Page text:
Officials administering WIC services in Idaho say they are working to combat low WIC enrollment by spreading the word online and at events and by trying to understand more about why eligible Idahoans aren’t on the program. (Courtesy of the U.S. Department of Agriculture)
Hailey Martinez, 28, a mother of four children, says everything she does is for her kids.
But she wasn’t sure she would have more than one child initially, since she struggled with breastfeeding her first daughter.
Accessing benefits for formula on the Women, Infants and Children (WIC) nutrition program has helped her grow and support her family, she said, even when she doesn’t qualify for food stamps or Medicaid directly herself.
“Everything (WIC offers) really does help me. I’m really blessed to get at least that,” Martinez said.
Enrollment in WIC is low across the nation, and even lower in Idaho, where only 41% of people eligible are on the program, according to national estimates.
But officials administering WIC services in Idaho say they are working to combat low WIC enrollment by spreading the word online and at events and by trying to understand more about why eligible Idahoans aren’t on the program.
There are many reasons people don’t enroll in WIC, experts say. Some people might not have the time or access to transportation to attend appointments. Some might not want to access public assistance on the program, which provides nutritional assistance to people on WIC.
But some people might not know that they can earn more and still qualify for the program, compared to other public assistance programs.
“One of the biggest barriers is just knowing about the program. There are many people that don’t realize they qualify because they just assume that the income guidelines are low. But the income guidelines are much higher than people realize,” said Leah Sallas, Idaho WIC program director .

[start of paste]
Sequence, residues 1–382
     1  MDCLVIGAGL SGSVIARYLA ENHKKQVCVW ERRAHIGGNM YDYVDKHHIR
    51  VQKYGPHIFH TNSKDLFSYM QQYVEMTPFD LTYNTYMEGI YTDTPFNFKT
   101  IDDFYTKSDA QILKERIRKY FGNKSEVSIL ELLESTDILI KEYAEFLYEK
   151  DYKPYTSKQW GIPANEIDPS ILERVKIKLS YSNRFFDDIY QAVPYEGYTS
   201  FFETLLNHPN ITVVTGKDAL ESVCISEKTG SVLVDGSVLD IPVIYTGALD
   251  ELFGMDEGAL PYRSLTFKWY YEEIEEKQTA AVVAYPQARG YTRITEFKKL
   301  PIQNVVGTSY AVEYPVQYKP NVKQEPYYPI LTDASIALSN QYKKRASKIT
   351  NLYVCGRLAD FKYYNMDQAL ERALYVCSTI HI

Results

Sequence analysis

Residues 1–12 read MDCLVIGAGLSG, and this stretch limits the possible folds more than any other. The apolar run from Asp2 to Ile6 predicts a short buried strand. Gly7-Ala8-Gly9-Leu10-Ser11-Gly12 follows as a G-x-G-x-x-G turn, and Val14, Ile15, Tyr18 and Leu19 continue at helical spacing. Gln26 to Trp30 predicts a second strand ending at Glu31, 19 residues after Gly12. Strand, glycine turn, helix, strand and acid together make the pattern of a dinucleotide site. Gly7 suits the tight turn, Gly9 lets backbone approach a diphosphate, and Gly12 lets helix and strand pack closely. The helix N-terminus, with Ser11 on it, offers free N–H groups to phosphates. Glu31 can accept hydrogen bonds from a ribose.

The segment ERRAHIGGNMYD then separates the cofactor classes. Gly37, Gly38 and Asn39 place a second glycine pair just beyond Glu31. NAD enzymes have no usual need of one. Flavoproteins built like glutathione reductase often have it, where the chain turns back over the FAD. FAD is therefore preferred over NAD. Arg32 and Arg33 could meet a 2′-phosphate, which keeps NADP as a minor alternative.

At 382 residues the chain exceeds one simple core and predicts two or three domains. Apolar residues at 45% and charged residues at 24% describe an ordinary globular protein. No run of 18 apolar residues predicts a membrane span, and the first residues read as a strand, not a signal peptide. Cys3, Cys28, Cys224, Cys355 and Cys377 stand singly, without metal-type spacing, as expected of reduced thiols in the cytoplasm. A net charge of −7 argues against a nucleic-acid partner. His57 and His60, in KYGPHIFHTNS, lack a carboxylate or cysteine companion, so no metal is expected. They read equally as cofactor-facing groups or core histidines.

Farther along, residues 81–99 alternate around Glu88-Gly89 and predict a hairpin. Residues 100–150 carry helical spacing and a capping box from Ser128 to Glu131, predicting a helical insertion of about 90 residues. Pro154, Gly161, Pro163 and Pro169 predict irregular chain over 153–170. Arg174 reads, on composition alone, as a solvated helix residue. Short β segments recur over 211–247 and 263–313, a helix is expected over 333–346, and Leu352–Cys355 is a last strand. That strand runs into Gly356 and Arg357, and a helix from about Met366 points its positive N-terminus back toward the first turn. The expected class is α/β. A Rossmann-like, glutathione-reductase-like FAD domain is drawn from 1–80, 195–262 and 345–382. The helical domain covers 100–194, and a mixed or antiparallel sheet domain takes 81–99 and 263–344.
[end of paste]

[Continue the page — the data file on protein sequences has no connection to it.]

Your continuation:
Another barrier that Idaho officials think plays a role is that Idahoans are independent, Sallas said. She said she believes that’s a reason that enrollment in WIC in Idaho — and neighboring states in the West — is lower than the national average, which indicates about half of eligible people are enrolled in WIC nationwide.
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What is WIC?
WIC is a supplemental nutrition program for women, infants and children. WIC provides free foods, such as fresh fruits, milk, eggs, cheese, cereal, juice, beans and peanut butter, to approved families, in addition to screenings for health, nutrition counseling, breastfeeding information and support, help from registered dietitians and referrals to other services, such as food banks and rental assistance programs.